West of Loathing
Release date: 2017 | Developer: Asymmetric | Link: Steam
The funniest game of 2017, and maybe the funniest RPG we've ever played. This is a game you explore for jokes, not loot. They're in every corner of the world, and even in the options menu, and it's a joy to discover them. West of Loathing is also a genuinely fun and clever RPG, with classes like the Beanslinger and Cowpuncher instead of genre standards.
As we wrote in our West of Loathing review: "Flush a toilet for an XP gain, search a haystack for a needle or dig through a mine cart for a hunk of meat ore (West of Loathing has a meat-based economy), and insult yourself in a mirror to gain a combat buff because you angered yourself so much. Most importantly, sticking your nose in every corner of West of Loathing isn't just beneficial for improving your character's stats and filling your bottomless inventory with weapons, garments, food, hooch, and hats (there are over 50 of them!). This is a funny game, and you'll want to root out every last shred of humor before you're done with it."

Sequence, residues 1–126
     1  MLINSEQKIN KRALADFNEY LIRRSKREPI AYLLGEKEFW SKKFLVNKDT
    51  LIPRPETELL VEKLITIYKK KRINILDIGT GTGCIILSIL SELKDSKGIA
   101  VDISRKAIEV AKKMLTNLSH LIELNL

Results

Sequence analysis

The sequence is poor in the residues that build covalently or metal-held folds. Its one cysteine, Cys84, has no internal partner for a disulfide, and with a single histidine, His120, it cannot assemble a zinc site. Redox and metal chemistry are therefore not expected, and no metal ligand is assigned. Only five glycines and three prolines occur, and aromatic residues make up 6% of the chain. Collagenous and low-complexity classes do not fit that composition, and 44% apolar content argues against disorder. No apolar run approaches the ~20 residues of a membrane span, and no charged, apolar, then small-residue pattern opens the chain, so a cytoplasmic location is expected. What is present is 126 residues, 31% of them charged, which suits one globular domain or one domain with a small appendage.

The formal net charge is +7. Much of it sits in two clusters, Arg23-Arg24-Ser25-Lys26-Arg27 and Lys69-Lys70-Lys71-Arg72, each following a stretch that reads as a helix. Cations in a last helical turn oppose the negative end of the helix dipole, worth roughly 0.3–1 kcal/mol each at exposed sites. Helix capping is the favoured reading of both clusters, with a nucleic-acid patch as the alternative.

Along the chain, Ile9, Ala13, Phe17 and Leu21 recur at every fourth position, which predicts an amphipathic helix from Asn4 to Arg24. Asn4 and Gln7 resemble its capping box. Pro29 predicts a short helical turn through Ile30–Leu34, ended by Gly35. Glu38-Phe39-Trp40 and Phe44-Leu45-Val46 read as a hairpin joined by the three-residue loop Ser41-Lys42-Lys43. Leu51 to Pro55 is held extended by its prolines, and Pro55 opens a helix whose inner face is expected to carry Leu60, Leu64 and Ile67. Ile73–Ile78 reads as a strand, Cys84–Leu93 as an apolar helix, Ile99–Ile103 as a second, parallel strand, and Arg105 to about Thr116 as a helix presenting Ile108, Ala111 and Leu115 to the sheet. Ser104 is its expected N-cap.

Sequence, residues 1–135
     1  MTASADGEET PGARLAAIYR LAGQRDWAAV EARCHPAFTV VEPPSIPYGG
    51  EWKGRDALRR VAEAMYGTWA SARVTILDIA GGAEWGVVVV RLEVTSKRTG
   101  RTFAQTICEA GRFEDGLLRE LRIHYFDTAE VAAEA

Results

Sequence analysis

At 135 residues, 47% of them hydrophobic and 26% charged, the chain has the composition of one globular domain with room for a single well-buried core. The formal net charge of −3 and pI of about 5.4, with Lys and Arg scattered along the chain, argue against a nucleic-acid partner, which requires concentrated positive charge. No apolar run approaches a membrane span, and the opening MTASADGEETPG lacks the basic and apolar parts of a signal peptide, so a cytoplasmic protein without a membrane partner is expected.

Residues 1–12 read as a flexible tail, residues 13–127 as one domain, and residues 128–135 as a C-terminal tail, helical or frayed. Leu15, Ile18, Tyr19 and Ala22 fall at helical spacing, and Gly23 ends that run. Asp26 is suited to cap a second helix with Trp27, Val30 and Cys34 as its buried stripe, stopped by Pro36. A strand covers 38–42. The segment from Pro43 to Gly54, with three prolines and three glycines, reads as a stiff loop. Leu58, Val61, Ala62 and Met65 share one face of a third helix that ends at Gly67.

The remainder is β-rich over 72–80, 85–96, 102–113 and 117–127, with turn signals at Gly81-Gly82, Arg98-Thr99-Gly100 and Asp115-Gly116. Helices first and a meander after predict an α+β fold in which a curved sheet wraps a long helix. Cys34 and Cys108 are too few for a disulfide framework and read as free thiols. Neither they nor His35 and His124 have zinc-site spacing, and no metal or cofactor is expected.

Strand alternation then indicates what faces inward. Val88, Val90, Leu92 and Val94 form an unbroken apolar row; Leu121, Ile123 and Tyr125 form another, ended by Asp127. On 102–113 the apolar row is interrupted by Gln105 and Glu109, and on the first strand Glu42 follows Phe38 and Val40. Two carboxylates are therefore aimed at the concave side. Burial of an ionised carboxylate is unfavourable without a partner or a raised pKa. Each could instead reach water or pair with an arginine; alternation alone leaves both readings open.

Release date: 2015 | Developer: tobyfox | Link: Humble Store
2015's breakout RPG inversion might owe a bit of its widespread success to the fact that a toaster could run it. This isn't to say it's not a looker or fun. For those versed in RPG and popular video game tropes, Undertale is a colorful, charming, upsetting swan ride through your habits and behaviors. Date a skeleton, pet (or kill) some dogs, think way too hard about mice and cheese. As we explain in our Undertale review, it will make you second guess every key press except the 'Buy' button.
Torment: Tides of Numenera
Release date: 2017 | Developer: inXile Entertainment | Link: Humble Store